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A Hutchinson Family Law Layer Examines the Custody/Visitation Process

by | Apr 13, 2019 | Divorce, Family Law, Firm News

Although the divorce rate has fallen in recent years, it is still above 40 percent. Among subsequent marriages, the divorce rate is even higher. Not all these marriage dissolutions involve minor children, but most of them do.

In some states, divorce only partially resolves all the financial and emotional issues. But Hutchinson family law lawyers address all these things in one proceeding. As a result, family law matters in McLeod County are rather complex. While they are all different, most of them follow a common procedural pattern. Some basic knowledge helps our clients make better decisions about their family’s emotional and financial future.

Guiding Principles in a Custody/Visitation Dispute

These issues include both legal and physical custody. Legal custody is the right to make important decisions, such as where the children will live, as well as the right to receive child support. Physical custody determines where the children spend their time. The standard every other weekend/every other holiday division is not as common as it used to be, but it still forms the basis for many parenting time arrangements.

According to Minnesota law, the parenting time division must be in the best interests of the children. Furthermore, there is a presumption that regular and predictable contact with both parents benefits children.

Sometimes, it is hard to break these overarching principles down and apply them to specific parenting plans. After all, every family is different. To make this process easier, Section 518.17 sets out a few factors to consider in these situations, and these factors have recently changed. Some highlights include:

  • Each child’s emotional, physical, medical, spiritual, cultural, and other needs,
  • Any special needs,
  • Child’s preference,
  • Parental preference,
  • History of domestic abuse, and
  • Ability to co-parent.

As outlined below, most parenting time disputes settle out of court. But a judge must still approve a settlement. That approval probably will not happen if one or more factors are substantially out of whack. For example, a judge may not approve an agreement that gives a physically abusive parent substantial parenting time, even if the incident is several decades old.

The Temporary Hearing

Hutchinson family law lawyers must hit the ground running in parenting time disputes. Things happen quickly, and it’s difficult to reverse decisions made early in the process.

At the temporary hearing, which usually occurs about two weeks into the case, the judge makes interim custody and support orders. Technically, these orders expire once the case is finalized. But as a practical matter, they are a blueprint for the final orders. Most children need consistency, so most judges want to leave the existing parenting time division in place, even if it is not perfect.

In other words, unless your Hutchinson family law lawyer is well-prepared and speaks up loudly at the temporary hearing, you may be playing from behind for the rest of the game. Comeback wins are certainly not impossible, but they are rather unlikely.

Social Services Investigations and Discovery

In most cases, McLeod County family law judges will not substantially change an interim custody plan unless compelling new evidence emerges. So, the social services investigation and discovery process are just as important as the temporary hearing.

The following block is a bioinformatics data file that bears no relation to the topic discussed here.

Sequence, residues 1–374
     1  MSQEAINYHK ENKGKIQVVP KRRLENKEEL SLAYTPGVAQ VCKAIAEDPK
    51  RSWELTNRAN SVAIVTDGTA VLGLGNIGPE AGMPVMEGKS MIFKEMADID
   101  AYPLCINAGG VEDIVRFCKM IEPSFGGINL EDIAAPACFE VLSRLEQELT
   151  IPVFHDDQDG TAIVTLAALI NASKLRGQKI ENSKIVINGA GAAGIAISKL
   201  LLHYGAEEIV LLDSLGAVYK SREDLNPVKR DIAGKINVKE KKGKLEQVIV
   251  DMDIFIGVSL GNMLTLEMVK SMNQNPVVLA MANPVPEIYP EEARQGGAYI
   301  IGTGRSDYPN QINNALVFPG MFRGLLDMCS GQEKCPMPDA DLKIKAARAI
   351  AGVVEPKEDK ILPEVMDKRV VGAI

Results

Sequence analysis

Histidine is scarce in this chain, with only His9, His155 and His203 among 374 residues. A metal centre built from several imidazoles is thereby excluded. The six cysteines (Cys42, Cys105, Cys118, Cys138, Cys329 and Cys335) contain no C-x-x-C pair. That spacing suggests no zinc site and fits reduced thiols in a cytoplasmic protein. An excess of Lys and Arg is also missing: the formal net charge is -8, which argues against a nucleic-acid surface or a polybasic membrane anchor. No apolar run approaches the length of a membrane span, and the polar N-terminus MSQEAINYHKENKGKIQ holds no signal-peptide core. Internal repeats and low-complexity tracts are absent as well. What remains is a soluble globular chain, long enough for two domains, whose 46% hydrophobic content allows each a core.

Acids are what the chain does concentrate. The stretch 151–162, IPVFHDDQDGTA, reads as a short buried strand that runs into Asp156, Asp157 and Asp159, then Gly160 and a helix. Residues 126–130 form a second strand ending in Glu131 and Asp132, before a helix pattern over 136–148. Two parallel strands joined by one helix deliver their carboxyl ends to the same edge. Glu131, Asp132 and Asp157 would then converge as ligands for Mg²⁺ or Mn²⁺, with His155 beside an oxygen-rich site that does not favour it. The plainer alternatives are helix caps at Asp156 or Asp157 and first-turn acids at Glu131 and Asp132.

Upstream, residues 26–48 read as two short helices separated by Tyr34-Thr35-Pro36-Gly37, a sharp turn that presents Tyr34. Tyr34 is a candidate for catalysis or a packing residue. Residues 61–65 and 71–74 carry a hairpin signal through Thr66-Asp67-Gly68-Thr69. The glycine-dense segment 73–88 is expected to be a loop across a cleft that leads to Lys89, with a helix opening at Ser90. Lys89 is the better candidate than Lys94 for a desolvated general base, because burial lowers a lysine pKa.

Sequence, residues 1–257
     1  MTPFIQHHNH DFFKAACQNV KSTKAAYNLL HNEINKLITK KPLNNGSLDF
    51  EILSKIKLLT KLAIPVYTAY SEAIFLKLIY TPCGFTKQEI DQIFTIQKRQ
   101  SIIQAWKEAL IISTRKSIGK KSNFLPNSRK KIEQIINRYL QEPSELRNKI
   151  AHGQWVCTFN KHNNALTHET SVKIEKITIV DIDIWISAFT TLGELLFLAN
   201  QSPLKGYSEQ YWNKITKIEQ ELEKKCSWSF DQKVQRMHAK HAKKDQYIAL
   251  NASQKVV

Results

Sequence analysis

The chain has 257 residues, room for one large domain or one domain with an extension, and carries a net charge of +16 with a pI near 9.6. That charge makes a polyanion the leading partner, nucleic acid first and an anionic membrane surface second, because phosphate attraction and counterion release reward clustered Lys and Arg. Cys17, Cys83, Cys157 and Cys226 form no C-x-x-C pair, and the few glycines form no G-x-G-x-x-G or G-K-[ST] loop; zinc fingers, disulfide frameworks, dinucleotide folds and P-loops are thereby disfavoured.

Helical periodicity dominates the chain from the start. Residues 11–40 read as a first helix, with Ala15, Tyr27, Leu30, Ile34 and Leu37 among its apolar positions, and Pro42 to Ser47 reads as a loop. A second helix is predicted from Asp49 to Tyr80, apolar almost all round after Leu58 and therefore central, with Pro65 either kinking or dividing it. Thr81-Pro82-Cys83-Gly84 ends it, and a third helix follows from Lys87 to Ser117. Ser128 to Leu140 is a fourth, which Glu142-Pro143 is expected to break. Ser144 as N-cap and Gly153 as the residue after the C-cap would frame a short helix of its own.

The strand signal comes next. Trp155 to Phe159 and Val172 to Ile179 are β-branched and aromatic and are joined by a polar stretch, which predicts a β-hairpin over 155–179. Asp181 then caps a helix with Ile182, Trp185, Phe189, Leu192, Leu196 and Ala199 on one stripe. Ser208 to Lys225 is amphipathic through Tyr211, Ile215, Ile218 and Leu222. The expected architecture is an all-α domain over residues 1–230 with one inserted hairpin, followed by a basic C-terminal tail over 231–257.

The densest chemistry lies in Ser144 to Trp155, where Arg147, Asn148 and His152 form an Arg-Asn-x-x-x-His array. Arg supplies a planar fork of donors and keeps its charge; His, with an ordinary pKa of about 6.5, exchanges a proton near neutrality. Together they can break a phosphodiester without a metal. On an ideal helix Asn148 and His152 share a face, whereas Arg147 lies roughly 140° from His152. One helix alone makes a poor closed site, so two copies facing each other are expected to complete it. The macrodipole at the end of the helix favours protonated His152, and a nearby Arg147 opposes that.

Most judges appoint social workers in disputed parenting time cases. The social worker does some background research and, more importantly, interviews the children, parents, and other key people, such as doctors, teachers, and clergy.

The social worker then submits a report to the court, and this report usually includes a custody recommendation. That recommendation is not binding, but it does have considerable sway. Judges almost always accept the social worker’s conclusion.

Indirectly, a Hutchinson family law lawyer controls this process. Typically, the parties have considerable input in the social worker selection process. Some of these individuals are biased toward mothers or fathers. An attorney can also suggest certain approaches (e.g. please interview Dr. Smith) and prepare the parent for the sometimes-intimidating home study.

Speaking of medical records, these are very important during discovery, as they reveal a lot about a family. For example, some parents “doctor shop” by going to different physicians until they find one who agrees with their conclusions. Other doctors prescribe large amounts of strong drugs for rather minor conditions.

Sometimes, the parties conduct discovery by agreement, and the process is quick and cheap. Other times, disputes arise, and these disputes can be protracted and expensive.

How Do Hutchinson Family Law Lawyers Resolve Child Custody Disputes?

Mediation resolves most parenting time disputes and other family law cases in McLeod County.

Curiously, the vast majority of people believe that mediation will be a waste of time. If we could have talked out our problems, they reason, we would not have hired Hutchinson family law lawyers. But mediation is at least partially successful about 75 percent of the time. Mediation eliminates millions of dollars of legal fees and thousands of hours of litigation. These savings have significant benefits for area families.

Work with Assertive Attorneys

Preparation and understanding are very important in custody/visitation disputes. For a free consultation with an experienced Hutchinson family law lawyer, contact Carlson & Jones, P.A. The sooner you reach out to us, the sooner we’ll start working for you.